Concerned about your child’s mental health heading back to school? An expert shares tips for parents

Licensed mental health counselor offers proactive ideas on getting ready for new school year

ORLANDO, Fla. – Even with fewer pandemic restrictions, the new school year still promises to be at least somewhat A-typical, which could cause extra stress and anxiety for children as they head back into the classroom.

Concerns over COVID-19 remain high, especially with the number of cases surging across Florida and the country due to the delta variant. Dr. Fatma Levent, of AdventHealth for Children, said the delta variant is affecting children more than previous strains.

Some students may also be readjusting to a classroom setting after learning from home during the last school year. All of this comes on top of the normal pressures children face academically and socially.

Despite that, Brittany Sted Weaver, a licensed mental health counselor with A Place for Growth in Orlando, said there are practices and plans parents can put in place now to help their children get ready for the new school year and cope with any potential stressors.

“One of the biggest things that can be helpful is practicing the routines in the morning to reduce that ‘what’s going to happen’ anxiety and concern,” Sted Weaver said.

She suggested doing a test run ahead of the school year.

“Get ready. Pack up the car. Get in the car and drive to school. Park, see how that feels. Process what comes up,” Sted Weaver said.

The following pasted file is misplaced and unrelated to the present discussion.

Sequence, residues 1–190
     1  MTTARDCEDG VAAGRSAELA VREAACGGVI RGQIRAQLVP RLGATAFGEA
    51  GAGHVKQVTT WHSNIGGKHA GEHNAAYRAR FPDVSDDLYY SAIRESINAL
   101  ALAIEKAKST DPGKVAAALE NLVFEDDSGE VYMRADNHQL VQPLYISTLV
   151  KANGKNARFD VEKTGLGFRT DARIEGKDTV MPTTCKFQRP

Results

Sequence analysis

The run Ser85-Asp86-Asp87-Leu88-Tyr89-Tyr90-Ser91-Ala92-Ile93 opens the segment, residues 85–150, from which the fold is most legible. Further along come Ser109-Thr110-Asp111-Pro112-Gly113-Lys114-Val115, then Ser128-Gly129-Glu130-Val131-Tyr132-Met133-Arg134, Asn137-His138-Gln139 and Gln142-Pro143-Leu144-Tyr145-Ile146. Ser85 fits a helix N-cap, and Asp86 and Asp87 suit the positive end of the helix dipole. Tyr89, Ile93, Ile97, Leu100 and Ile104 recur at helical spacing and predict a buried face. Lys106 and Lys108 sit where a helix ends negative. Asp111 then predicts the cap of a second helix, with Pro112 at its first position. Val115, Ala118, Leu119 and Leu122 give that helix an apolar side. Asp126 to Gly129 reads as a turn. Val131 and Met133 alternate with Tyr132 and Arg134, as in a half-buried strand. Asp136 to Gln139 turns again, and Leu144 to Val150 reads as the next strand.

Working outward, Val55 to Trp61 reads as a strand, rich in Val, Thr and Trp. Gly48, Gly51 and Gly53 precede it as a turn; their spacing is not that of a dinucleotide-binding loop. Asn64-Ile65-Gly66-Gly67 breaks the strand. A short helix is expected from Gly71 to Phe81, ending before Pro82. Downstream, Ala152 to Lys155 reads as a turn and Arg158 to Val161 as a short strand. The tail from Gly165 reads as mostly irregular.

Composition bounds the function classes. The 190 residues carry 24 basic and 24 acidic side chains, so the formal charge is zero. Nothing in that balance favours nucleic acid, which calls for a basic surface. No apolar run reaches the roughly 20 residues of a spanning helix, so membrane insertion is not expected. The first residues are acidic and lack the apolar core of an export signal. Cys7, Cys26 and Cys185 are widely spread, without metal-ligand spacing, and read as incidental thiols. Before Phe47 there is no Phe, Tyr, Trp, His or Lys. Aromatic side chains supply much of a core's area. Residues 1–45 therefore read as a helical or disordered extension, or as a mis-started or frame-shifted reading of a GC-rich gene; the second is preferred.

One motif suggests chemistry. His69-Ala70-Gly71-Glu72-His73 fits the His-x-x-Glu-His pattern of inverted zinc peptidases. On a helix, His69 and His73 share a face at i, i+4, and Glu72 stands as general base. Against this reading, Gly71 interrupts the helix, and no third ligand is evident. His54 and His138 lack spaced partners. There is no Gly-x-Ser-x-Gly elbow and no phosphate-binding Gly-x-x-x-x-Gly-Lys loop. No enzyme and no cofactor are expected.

She added that sticking to a nighttime routine is equally as important to a child’s mental health.

“Another thing that is really important — that I know a lot of people will neglect during the summer, and then when you go back to school the first week really stinks — is developing a bedtime routine now before school starts and sticking to it,” Sted Weaver said. “Lack of sleep can really impact mental health.”

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Sted Weaver stressed the need for parents to build a report with their children when it comes to talking to them about their feelings — acknowledging and validating their concerns, rather than just telling them that things will be OK.

“It’s really easy, as a parent to want to fix things, or to give advice but sometimes children just want to be heard,” she said.

Part of that conversation could include topics like wearing a mask in school. Most school districts in Central Florida have decided to make masks optional for students and staff this school year. However, the American Academy of Pediatrics is now recommending all students and staff wear masks during in-person education, regardless of their vaccination status — though the organization also points out that in-school transmission rates are low and severe COVID are rare among children.

Still, wearing or not wearing a mask could make a child stand out in their peer group, depending on what their classmates are doing.

“I think (masks are) a great thing to have a conversation about, parent to child. Talk about what it means for them to wear a mask and how it makes them feel,” Sted Weaver said. “Process those emotions that come up. Do they feel left out or isolated that maybe they’re one of the few wearing masks or one of the few not wearing masks or do they feel more worried or does it make them upset that their friends aren’t wearing a mask — do they get mad. Discuss those different things and let those feelings get validated and develop a plan on what to do, as well.”

Sted Weaver added that it can help to give your child options so that they do not feel like they are being forced into a situation.

Another topic to discuss with your child ahead of the first day of school would be the COVID-19 vaccine and the potential for them to hear misinformation about the shots.